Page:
Olson needs a gadget that can survive wet and slimy conditions and yet still capture all the details necessary to bring criminal charges—the date, time, location, and when the test began and ended. Most important, he needs straightforward output—a yes-no system in which a green light indicates that a species is what its owner says it is, and a red light indicates that it isn’t.
Baisch takes a chunk of frozen Chinook salmon, grinds it up with what looks like a cheese grater, and mixes it with water. He then places a droplet of the salmon sample onto the chip and hands it to Holmes, who pops the chip into the device. Olson gingerly touches the unit to check whether the heater inside is warming up. Olson and Stephenson check the scanner every few minutes, waiting for the signal. Ultimately, neither the red nor green light turns on. (Holmes blames it on a kink in the latest engineering design.)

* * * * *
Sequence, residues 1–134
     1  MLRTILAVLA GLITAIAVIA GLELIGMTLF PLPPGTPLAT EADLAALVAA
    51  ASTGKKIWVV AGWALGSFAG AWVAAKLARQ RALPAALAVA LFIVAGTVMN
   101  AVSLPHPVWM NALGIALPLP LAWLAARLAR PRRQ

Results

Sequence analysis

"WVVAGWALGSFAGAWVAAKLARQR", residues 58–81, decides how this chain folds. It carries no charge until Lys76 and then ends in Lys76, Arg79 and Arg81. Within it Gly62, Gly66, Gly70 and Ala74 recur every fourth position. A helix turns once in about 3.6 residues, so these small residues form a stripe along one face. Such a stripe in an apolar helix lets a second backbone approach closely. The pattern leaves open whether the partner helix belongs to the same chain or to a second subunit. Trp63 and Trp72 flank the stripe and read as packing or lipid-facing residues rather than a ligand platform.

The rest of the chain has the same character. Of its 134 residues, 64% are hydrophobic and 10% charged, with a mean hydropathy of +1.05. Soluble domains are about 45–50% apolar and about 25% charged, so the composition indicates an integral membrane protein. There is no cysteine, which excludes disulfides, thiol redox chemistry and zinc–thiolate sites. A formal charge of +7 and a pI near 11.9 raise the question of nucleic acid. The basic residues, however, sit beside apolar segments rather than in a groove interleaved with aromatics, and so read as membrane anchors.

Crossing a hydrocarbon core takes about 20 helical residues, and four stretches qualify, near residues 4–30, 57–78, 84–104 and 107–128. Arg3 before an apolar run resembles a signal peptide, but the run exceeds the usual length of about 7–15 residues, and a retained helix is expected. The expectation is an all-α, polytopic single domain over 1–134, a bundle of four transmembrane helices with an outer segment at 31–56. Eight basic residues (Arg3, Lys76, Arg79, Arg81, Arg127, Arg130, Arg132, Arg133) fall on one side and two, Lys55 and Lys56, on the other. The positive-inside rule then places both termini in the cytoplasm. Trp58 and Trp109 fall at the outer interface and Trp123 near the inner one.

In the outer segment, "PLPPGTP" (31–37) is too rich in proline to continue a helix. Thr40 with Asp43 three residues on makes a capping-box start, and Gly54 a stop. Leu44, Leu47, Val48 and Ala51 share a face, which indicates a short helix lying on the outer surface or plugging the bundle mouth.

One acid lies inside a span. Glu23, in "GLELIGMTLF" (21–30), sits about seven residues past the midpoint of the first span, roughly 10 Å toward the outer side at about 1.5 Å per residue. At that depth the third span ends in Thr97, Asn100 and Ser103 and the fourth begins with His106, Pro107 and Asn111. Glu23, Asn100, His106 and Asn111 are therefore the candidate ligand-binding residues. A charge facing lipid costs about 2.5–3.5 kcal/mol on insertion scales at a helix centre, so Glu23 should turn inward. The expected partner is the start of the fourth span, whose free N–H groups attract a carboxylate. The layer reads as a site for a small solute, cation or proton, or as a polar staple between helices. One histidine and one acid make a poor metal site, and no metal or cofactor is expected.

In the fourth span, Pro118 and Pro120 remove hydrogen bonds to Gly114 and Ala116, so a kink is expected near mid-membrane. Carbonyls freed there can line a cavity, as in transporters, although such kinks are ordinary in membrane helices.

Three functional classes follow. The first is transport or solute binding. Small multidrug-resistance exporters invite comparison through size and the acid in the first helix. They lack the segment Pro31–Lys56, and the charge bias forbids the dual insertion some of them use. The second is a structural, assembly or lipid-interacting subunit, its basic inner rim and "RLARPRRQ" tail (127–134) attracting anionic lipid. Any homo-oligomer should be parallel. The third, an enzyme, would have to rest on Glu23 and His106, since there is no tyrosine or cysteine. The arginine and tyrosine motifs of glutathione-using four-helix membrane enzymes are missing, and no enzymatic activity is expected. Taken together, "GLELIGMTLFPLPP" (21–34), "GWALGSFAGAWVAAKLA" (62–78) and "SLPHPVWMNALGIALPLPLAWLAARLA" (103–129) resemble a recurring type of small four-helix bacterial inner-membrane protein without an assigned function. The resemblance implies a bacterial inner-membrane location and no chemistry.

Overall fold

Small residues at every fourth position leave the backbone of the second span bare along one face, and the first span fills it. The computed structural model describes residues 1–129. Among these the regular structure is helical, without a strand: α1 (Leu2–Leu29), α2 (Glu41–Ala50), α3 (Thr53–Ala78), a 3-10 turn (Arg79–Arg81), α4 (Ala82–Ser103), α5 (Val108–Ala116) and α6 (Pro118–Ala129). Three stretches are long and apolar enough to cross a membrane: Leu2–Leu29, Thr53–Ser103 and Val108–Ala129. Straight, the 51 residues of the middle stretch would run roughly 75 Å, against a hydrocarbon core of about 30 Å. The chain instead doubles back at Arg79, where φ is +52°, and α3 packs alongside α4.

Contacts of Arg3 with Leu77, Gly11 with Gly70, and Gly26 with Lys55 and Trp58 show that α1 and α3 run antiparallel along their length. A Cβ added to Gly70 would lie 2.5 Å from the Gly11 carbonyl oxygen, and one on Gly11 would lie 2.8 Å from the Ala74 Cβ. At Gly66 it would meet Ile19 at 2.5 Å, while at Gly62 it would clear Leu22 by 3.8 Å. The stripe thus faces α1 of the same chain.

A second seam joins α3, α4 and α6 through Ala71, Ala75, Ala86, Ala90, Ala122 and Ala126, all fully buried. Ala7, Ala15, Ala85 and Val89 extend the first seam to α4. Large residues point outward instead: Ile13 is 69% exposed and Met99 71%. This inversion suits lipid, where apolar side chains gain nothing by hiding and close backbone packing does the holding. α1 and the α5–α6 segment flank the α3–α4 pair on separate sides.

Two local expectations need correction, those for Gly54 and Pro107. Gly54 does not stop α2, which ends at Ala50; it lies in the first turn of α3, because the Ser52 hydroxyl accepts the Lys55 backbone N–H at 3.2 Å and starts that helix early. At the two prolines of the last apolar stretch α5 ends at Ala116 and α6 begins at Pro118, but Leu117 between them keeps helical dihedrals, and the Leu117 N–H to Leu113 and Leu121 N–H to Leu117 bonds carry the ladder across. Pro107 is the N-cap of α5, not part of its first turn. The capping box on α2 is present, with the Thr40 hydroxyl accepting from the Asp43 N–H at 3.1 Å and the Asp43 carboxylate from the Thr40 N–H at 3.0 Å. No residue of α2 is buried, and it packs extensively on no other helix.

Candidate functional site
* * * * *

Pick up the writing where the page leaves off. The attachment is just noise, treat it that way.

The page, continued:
The glitch doesn’t deter Olson, though. He requests eight units to be delivered as soon as they’re available, likely in March. “We are looking for needles in the haystack,” Olson says. He raps the table next to the scanner. “This makes that haystack significantly smaller.” He pauses. “Tylar and I are passionate about this job. We want the tools in hand to see it done right.”
A month later, Holmes has a debugged device that works—at least it works in the lab, with freshly made reagents. Two hurdles remain: ensuring the chip reagents remain shelf-stable until they are used months or years later, and making sure the device works properly under hot, dry, wet, or freezing conditions in the field. Holmes came to Conservation X Labs from medical diagnostics development, a field that typically has higher budgets, larger teams, and longer timelines from conception to approval. His current two-person team moves faster than he expected. "When I started this project 18 months ago," he says, "I had no idea we’d be this close to a field-ready prototype so soon.”